Recently on a feedback card at church, someone commented:
“I thought Jesus didn’t descend into hell! Just that he suffered the death we deserved.”
The answer is: yes and no! The question raises complex issues that cannot be easily answered in a short space.
So let me take a long space. (And if you are interested, read on, read slowly, and re-read if you need!)
One of the aims of the Sola Panel is to go back to basics, to remind ourselves of the importance of the ‘solas’ (i.e. scripture alone, faith alone, Christ alone, grace alone, glory to God alone). This post will look at one way in which these solas all fit together. (more…)
Does God feel your pain? For many of us the question is a bit odd, like asking ‘Is God good?’ or ‘Does God love?’ We turn to John 11 and its description of Jesus being moved at Mary’s weeping, and his own weeping at the site of Lazarus’ grave. It is common to use this as proof that God is affected by our suffering, mourning, and death: that he shares it and does not stand aloof from it. “Don’t blame God,” we implicitly say, “He’s going through the same pain and suffering you experience. He cares.” (more…)
This is the third in our Sola Saturday series on giving up your life for Christ in anticipation of the July/August issue of The Briefing. In our first post, Robert Doyle looked at the concept of giving up your life in the context of worship. Then Dave Andrews tackled the important question “What should I be doing with my time [as I give up my life]?” This week, Philip Miles deals with giving up one’s life in missionary service and the problems with the theology of ‘the call’.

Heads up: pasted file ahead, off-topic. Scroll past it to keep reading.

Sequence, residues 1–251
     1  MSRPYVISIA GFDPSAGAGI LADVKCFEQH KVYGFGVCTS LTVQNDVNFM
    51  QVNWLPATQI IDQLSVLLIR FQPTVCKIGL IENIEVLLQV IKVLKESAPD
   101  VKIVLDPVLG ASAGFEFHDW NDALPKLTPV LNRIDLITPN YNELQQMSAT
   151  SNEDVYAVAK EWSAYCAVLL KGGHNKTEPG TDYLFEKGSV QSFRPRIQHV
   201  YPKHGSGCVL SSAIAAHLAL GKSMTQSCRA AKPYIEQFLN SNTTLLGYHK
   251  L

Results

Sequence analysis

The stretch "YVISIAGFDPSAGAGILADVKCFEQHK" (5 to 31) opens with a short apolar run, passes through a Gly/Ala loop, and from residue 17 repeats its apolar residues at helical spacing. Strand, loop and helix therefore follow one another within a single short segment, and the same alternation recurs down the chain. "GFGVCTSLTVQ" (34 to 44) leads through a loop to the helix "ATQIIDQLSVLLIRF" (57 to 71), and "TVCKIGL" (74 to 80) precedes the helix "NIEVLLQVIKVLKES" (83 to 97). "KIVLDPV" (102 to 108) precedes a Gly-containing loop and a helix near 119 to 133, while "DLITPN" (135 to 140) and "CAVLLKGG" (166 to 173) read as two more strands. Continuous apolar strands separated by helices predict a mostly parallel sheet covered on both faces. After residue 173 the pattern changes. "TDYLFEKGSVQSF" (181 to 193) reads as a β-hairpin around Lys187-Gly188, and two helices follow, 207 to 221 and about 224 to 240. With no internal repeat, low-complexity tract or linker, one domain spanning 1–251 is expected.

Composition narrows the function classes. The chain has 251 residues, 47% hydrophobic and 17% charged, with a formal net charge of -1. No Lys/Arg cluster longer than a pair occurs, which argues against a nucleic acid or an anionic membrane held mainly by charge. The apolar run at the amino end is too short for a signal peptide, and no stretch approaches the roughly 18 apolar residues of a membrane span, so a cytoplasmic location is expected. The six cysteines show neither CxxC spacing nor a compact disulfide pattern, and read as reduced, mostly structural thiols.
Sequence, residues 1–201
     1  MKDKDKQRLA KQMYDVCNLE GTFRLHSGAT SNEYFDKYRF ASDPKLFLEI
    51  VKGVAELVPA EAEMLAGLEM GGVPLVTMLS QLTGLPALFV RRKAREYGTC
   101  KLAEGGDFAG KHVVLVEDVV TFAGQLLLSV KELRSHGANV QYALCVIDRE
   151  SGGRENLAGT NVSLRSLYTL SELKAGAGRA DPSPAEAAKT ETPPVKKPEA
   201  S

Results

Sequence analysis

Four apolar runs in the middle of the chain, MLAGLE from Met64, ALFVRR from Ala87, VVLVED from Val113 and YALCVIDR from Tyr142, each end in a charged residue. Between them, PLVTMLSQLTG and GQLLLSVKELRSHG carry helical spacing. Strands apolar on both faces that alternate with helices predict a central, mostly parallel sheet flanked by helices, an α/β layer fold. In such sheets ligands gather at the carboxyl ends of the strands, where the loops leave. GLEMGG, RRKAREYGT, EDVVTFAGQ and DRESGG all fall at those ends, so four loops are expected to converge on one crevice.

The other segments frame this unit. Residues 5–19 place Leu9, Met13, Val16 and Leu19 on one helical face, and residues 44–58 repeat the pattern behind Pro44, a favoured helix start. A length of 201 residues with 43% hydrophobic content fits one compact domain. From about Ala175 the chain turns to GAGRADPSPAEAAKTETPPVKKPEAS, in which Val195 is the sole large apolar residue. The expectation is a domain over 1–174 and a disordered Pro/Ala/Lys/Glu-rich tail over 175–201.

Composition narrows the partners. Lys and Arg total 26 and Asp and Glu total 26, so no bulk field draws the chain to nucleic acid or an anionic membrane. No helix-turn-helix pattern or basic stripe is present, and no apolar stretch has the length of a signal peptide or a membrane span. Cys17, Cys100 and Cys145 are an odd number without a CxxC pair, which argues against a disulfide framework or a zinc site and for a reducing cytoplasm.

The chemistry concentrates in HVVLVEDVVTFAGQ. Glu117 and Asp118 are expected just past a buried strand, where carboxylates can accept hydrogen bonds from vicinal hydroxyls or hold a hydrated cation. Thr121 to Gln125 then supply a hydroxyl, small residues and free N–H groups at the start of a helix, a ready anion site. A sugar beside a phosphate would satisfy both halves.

(This post is the second responding to feedback on Mark’s series on impassibility. Read the first.)
Martin Shields’s second point is, in my view, the most important of all. He argues that God is no Humpty Dumpty from Through the Looking Glass:
“When I use a word,” Humpty Dumpty said, in rather a scornful tone, “it means just what I choose it to mean—neither more nor less.”
“The question is,” said Alice, “whether you can make words mean so many different things.”
“The question is,” said Humpty Dumpty, “which is to be master—that’s all.”
(Lewis Carroll, Through the Looking-Glass, and What Alice Found There, Macmillan, London, 1871, chapter 6.)
Most of us agree with Alice that large anthropomorphic eggs sitting on walls don’t get to use words with completely different meanings. Words mean what they mean. And that’s Martin Shields’s second great concern:
[Update: Corrected the spelling of Martin Shields’s name.]
Martin Shields offered a series of very thoughtful concerns in response to the last post in my series on impassibility. In the process, he raised a bunch of key issues to do with how we read the Bible. His concerns are profoundly important questions that affect far more than the issue of impassibility. So I’m going to offer in these four posts what I think is at stake in Martin Shields’s concerns and why I disagree with him in the hope that the debate might stimulate all of us forward as we live in the knowledge of God.
(Read parts 1 and 2.)
We have been turning our attention to the question of whether God is impassible—that is, that God is in no way affected by the creatures he has made, and cannot die or suffer. Last time around, we explored how impassibility was a key element in the early Christian understanding of creation—that God made everything from nothing, and did so as a free choice out of pure goodness. This time around, we turn our attention to God’s law. (more…)
(Read part 1.)